What Is A Fair Credit Score?

fico score gradient

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Most lenders rely on FICO® Scores to assess your creditworthiness so, if you want to avoid paying too much when borrowing money, you should know how you are rated.

Lenders are more likely to categorize you as a high risk borrower and charge you higher interest rates on loans when your FICO® Score is low.

But what is a fair credit score and what is a good or bad FICO® Score?

We break down estimated FICO® Score ranges so you can figure out whether, in the eyes of lenders, you have fair credit, good credit, excellent credit, or bad credit.

What Is A Fair Credit Score?

90% of top lenders use FICO® Scores, so it is well worth knowing what your credit score is by checking it with MyFICO.

FICO® Scores generally range from 300 to 850 however some industry specific (auto and credit card) FICO® Scores range from 250 → 900.

But what is a fair credit score?

In the table below we correlate FICO® Scores with credit categories according to MyFICO.

FICO® Score Creditworthiness
800+ Exceptional
740 → 799 Very Good
670 → 739 Good
580 → 669 Fair
579 and lower Poor

800+

An 800+ credit score is excellent and way above the national average.

Only about 1% of borrowers with credit scores of 800 and above typically become delinquent on loans.

740 → 799

If you have a credit score between 740 and 799, you sit well above the national average.

Most likely, you will not run into any issues getting credit approval and you will likely be offered lower than average interest rates to reflect your lower risk rating.

According to MyFICO®, only about 2% of borrowers who have credit scores in this range become delinquent.

670 → 739

Borrowers with credit scores in the range between 670 and 739 may or may not get an interest rate that rivals the rates received by borrowers with higher scores.

Lenders usually consider credit scores in this range to be so-so or medium because about 8% of borrowers who have scores in this range become delinquent.

580 → 669

What is a fair credit score? A borrower with a credit score in the range between 580 to 669 is considered to have a fair credit score.

It is harder to get approved for credit when you fall into this category and the chances are you will end up paying a higher interest rate if you do.

The reason for the steeper rates is because about 28% of consumers who fall into this category end up becoming delinquent.

579 and lower

Bad credit or poor credit refers to scores of 579 and lower.

It’s very difficult to get approved for credit when you fall into this category because about 61% of consumers in this category become delinquent.

How To Build Your Credit Score?

If you need to build your credit and improve your FICO® Score, follow these steps.

Step 1 – Check Your Credit Report Regularly

The first step is to check your credit report to make sure it doesn’t contain any errors.

If you spot any late bill payments or incorrect account information, you can dispute them with any of the credit bureaus, such as Experian, Equifax, and TransUnion.

Step 2 – Pay Your Bills On Time

When your pay your bills on time, the credit bureaus report your timely payments to FICO and, over time, your credit score should increase in value.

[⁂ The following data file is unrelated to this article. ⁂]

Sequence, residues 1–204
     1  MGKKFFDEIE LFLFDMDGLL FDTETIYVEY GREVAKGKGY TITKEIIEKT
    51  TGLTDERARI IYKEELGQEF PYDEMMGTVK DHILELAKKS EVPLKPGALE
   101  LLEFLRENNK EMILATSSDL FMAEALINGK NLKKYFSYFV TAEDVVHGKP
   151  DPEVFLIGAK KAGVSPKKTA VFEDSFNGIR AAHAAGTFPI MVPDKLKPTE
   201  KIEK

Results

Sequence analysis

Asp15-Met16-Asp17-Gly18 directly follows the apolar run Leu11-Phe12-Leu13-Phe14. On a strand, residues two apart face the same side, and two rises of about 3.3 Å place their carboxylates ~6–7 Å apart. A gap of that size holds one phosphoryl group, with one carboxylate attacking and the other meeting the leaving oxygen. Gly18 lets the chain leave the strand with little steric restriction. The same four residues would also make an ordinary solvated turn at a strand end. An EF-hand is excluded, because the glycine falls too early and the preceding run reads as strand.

To ensure you don’t forget to pay off your balances, set calendar reminders to pay your bills on time or create an automatic payment schedule .

Step 3 – Pay Off Your Debt

Whether you have student debt, personal debt, or a credit card balance that has carried over from one month to the next, it is imperative to pay off your debt to improve your credit score.

Create a payment plan to schedule bill payments regularly and make sure that you are paying off high interest rate credit cards and keeping up with minimum payments on any other accounts.

How To Get Credit Approval
With Fair Credit?

If you have fair credit or bad credit, you may be wondering how to get approved for credit.

0% Balance Transfer Cards

To boost your chances, the first best step is stop credit card balances piling up.

One way to do that is to choose a 0% balance transfer card which provides a grace period during which time you don’t have to pay high interest rates for a fixed time.

Keep in mind that you may pay fees when transferring your balance from one credit card to another that has an introductory 0% interest rate offer.

Get Credit For Paying Rent

Did you know that when you pay rent on time, it often doesn’t help your credit score because many landlords don’t report timely rental payments.

Companies like Rental Kharma and RentTrack help you to build your credit when you make rent payments when they are due.

It’s an easy to way to build your credit without relying on a credit card or taking out a loan.

Choose A Lender Who Looks Beyond Credit Scores

Not all lenders rely solely on credit scores to make lending decisions.

New American Funding earns high marks from customers for paying close attention to other factors when loaning out money.

You can also use a company like LendKey to find local lenders who may or may not look beyond credit scores when making loan decisions.

Whether you are looking for personal loans from companies like One Main Financial or SoFi, or auto loans from lenders like Finova, remember that you can interview lenders as much as they can interview you.

As long as you don’t have a record of bankruptcy in the recent past or a history of delinquencies on bill payments, you will likely find a lending partner who is a good match for you.

Do you know what a fair credit score range gets you when it comes to credit cards, mortgages, personal loans, and student loans? Share your stories about how to improve credit score ratings. We would love to hear from you in the comments below.

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